I decide to attend the opera, with Raisinets and bonbons.
Live performances of the New York Metropolitan Opera are beamed into movie theaters across the country, offering audiences ways to experience high culture at low prices. But is it the same as live or is it just Memorex?
Joshua Sudock/Special to The Christian Science Monitor
I load up my cardboard tray with Raisinets, Milk Duds, popcorn, Coke, and bonbons – OK, that’s an exaggeration: I skip the Milk Duds. I make my way down the brightly carpeted hallways flanked by oversized photos of all the greats (Bogie and Bacall, Gable and Monroe) and push open the doors to Theater 8 at the Burbank AMC 16 multiplex.
To my left, on a movie screen the size of Ethiopia, are four gilded tiers of fur- and jewel-bedecked patrons, milling around to the dissonant cacophony of tuning piccolos, violins, trumpets. On my right sit 300 to 400 real-life people, dressed in blue jeans, scruffy Tees, and I think I see a flip flop or two. This is California, after all.
Next – via loudspeaker – the words, “Maestro to the pit.” Video cameras show a lone man making his way through a narrow passageway. He steps into a spotlight. The audience cheers. Then, house lights down, stage lights up, music swells, scrim ascends, and ... action.
For a soccer dad more used to the smells of fresh-mown grass, plopping back in a dark movie theater at 10 a.m. on a Saturday to watch opera is as jarring as a two-fingered poke in the eye by one of the Three Stooges. But this is the new way for a member of the masses like me to see “Aida” or “La Bohème” or, on this day, “Dr. Atomic” relatively cheaply and still get my red licorice.
At least once a month, performances at the Metropolitan Opera in New York are beamed into more than 450 movie theaters in 48 states. Some 1 million people have attended the “Met Live in HD” screenings since they began three years ago by a Colorado-based company, Fathom.
To devotees, the broadcasts are a way for everyone from dentists to drywallers to experience opera at the highest level. But others see them as the equivalent trying to vacation in Maui by watching a video of Don Ho. I decided to attend myself to see what all the fuss is about.
By posture and hair length, the people sitting in my row look as if they would probably be more at home with surfboards and the 1940s. But they know a good deal when they see one. From behind tinted Foster Grants (hey, who would be dumb enough to wear fully darkened sunglasses in a theater?), the guy to my right cackles something about pashmina-wrapped patricians from the “other coast” who paid up to $295 for seats at the Met while we paid only $22.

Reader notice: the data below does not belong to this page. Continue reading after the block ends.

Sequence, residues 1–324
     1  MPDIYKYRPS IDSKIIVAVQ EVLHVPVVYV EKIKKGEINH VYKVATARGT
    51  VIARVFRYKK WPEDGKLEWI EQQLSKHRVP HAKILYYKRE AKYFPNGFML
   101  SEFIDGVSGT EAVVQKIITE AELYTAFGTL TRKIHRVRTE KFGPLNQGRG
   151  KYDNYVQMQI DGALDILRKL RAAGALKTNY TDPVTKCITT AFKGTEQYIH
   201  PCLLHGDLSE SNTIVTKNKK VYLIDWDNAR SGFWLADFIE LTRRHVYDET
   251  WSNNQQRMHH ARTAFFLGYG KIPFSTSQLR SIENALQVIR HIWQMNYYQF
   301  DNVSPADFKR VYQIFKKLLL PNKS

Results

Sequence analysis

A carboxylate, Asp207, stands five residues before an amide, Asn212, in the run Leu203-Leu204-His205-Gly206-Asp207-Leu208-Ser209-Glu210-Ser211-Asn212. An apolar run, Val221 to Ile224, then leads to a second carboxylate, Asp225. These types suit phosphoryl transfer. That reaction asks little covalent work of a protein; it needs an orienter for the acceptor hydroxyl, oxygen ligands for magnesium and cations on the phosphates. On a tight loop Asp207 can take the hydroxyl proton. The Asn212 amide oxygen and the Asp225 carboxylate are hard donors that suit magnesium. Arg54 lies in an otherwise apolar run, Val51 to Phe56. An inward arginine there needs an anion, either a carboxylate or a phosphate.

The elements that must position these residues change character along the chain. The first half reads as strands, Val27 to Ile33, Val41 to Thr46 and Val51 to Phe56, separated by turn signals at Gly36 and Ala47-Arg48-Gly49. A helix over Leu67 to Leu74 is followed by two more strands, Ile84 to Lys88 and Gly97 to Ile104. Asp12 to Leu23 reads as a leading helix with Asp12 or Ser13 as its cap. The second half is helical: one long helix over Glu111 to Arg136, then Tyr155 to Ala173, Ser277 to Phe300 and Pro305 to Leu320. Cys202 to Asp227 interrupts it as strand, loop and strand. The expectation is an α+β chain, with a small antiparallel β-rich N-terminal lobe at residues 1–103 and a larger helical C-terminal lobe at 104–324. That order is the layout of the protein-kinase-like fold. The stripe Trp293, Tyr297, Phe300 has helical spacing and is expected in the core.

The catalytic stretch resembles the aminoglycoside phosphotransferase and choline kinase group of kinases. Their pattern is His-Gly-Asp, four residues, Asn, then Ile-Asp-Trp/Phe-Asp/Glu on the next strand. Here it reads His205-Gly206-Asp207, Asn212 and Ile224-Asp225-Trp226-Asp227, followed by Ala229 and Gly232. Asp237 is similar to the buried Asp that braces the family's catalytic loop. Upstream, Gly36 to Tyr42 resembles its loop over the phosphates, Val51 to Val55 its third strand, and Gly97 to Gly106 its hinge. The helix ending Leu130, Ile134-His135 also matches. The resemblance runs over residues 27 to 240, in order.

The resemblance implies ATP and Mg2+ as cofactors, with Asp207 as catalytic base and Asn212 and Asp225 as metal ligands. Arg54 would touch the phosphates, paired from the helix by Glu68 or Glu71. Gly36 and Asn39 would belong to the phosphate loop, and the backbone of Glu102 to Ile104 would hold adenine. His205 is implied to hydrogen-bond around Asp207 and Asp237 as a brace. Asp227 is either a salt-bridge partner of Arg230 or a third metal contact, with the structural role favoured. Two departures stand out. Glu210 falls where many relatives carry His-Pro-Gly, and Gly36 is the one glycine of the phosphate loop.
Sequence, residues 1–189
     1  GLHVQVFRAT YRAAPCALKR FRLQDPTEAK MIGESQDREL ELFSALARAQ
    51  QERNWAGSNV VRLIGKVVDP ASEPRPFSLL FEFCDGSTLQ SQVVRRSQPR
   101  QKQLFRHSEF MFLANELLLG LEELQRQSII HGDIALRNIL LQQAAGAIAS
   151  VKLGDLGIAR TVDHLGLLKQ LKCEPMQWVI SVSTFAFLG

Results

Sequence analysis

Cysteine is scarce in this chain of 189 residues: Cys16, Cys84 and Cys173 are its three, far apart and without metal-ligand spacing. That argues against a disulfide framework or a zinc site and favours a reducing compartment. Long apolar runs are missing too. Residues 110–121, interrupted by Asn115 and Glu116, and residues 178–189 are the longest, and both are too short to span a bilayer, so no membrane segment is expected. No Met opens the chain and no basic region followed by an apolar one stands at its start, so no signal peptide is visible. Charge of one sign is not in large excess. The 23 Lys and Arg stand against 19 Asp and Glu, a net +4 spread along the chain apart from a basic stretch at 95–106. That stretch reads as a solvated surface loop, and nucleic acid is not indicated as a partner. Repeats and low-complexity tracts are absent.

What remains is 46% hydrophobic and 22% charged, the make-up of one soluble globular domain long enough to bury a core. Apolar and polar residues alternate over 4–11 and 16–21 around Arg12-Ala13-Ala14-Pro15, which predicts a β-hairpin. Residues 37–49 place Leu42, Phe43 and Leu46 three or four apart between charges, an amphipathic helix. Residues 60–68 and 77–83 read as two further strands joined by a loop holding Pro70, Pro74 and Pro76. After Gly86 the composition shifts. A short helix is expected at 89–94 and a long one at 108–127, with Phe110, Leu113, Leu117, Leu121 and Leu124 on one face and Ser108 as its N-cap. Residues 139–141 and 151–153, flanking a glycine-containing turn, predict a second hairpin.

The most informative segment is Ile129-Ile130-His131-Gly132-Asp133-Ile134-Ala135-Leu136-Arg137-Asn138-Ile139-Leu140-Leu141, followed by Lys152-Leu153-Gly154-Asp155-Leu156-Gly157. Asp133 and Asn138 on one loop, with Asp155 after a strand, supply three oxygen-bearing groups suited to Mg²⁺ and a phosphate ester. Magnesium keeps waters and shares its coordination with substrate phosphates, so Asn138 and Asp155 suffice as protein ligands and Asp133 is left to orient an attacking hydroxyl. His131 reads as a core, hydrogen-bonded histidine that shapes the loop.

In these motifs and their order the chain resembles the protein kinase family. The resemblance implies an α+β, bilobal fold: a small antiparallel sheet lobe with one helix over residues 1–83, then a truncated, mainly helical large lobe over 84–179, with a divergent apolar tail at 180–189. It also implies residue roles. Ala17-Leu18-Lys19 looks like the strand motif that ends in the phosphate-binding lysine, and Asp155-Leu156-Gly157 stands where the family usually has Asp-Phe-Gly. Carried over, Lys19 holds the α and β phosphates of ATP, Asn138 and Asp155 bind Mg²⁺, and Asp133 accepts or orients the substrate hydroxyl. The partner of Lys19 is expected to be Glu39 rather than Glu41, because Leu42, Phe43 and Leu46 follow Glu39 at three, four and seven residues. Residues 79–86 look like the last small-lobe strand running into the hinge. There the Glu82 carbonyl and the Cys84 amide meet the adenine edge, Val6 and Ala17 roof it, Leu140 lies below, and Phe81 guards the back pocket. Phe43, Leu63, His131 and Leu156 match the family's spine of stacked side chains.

The sotto voce mumblings up and down the row concur that, in fact, besides price, this is “way better” than box or even front-row seats at the Met. That’s because 10 video cameras are beaming high-definition, live satellite images to the Burbank multiplex direct from the matinee performance at America’s top opera house.
From this vantage point, you can see the twitching nose hairs of Gerald Finley, world-class Canadian baritone, as he hits his heart-rending top notes. [Editor's note: The original version misidentified Mr. Finley's nationality.] You don’t need opera glasses to magnify the undulating tonsils of mezzo-soprano Sasha Cooke as she belts out immortal quotations of Baudelaire – courtesy of the libretto penned by Peter Sellars.
The look and feel of live singing at such ultraclose range – projected in diamond-sharp detail large enough for King Kong – is viscerally overpowering, and possibly, to listen to some purists, damaging to real opera in the long run: They fret that the jumbo-sized Dolby version might supplant the old human-scale opera with real voices.
Hmmmm. In the short run, at least, this particular brush with opera is a lot less damaging to my pocketbook than the real thing – and 3,000 miles closer. And while the 21st-century music to “Doctor Atomic,” by contemporary composer John Adams, isn’t exactly toe-tappin’, it does expand my musical palette.